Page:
Tognum shareholders reluctant

Tognum shareholders have time until 18 May to accept the joint bid by Daimler and Rolls Royce. The joint venture Engine Holding created for the purpose of the acquisition is offering shareholders of the engine specialists from Friedrichshafen €24. Thus, the offer is worth 3.2 billion euros. However, the Tognum view is that while welcome in principle, it is still far too low. Even shareholder Guy Wyser-Pratte refused to accept it. €24 was the price obtained at the 2007 IPO. Since early March, the Tognum share has been quoted at almost €26, well above the offer, and so to date only 0.03 percent had accepted the offer. Daimler already holds 28.4 percent of the Tognum shares and hopes that by the end of the offer period the necessary 50 percent plus one share will come together, so that the Engine Holding offer comes into play.


Deutsche Börse bides its time

NYSE CEO Duncan Niederauer defended the possible merger of NYSE Euronext and Deutsche Börse into the world's largest financial centre at the general meeting of the American market operator on 28 April. He again estimated the synergy potential at 400 million euros annually. The NYSE’s shareholders would still have to vote on the merger at a special meeting on 7 July. Many investors fear going under in the merged global exchange operator, and urged Niederauer also to hold talks with the Nasdaq, whose $11,300,000,000 hostile bid jointly with the Intercontinental Exchange is significantly higher than that of the Frankfurt market operator at 10.1 billion dollars. The two exchange operators would approach shareholders directly with the offer, it was stated on 28 April. The publication of the bid to Deutsche Börse shareholders, which has been before the Federal Financial Supervisory Authority (BaFin) for a permit since 12 April, was expected in early May, according to Börse chief Francioni. The acceptance period is to be ten weeks.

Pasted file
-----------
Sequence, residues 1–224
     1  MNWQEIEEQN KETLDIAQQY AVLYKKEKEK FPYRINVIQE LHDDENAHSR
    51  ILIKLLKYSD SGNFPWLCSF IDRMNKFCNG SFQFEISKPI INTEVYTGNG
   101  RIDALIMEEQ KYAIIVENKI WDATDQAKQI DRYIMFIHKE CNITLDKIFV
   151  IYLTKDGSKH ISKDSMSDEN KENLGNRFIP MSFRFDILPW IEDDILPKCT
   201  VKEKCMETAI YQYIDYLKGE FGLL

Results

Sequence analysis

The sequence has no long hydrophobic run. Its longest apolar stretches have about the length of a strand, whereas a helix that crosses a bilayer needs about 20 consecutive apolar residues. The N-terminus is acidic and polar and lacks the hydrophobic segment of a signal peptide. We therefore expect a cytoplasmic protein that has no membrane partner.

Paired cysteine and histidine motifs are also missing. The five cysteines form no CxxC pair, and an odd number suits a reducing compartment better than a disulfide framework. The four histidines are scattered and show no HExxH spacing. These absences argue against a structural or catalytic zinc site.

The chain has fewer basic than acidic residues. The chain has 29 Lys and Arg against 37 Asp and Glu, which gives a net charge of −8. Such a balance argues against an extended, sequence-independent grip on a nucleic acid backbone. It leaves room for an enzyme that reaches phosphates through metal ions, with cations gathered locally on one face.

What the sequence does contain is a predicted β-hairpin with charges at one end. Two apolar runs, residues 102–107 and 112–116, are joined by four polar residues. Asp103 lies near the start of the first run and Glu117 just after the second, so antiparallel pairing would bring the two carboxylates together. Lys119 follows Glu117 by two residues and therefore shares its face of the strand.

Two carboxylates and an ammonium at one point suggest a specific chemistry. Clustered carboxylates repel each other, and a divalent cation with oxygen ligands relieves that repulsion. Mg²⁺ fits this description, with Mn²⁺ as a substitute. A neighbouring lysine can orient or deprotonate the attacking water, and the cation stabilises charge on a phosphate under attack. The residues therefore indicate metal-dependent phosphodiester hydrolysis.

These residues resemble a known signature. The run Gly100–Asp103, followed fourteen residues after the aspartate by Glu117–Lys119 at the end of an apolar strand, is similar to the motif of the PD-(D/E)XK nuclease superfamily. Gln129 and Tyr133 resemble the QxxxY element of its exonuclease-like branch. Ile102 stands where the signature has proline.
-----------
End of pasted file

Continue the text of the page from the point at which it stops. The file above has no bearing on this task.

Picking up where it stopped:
Takeover poker at Roth & Rau

For Meyer Burger, the planned complete acquisition of Roth & Rau could turn out more expensive than was thought. Black Forest solar company Rena has positioned itself as another opponent. But not only the Freiburg entrepreneur Jürgen Gutekunst is getting in the way of the Bernese Oberland business centre, with the April increase of his participation in the Saxon solar-installation builder to more than ten percent. The largely unknown Cypriot Investor KLK too has expanded its share of Roth & Rau to 5.19 percent in recent days. Gutekunst wants no influence over appointments to administrative, managerial and supervisory bodies, and KLK’s intentions were not hostile either, according to a spokesman. Meyer Burger has so far been offering €22 per share. However, demand and speculation on a higher bid has increased the market price of Roth & Rau shares to around €23.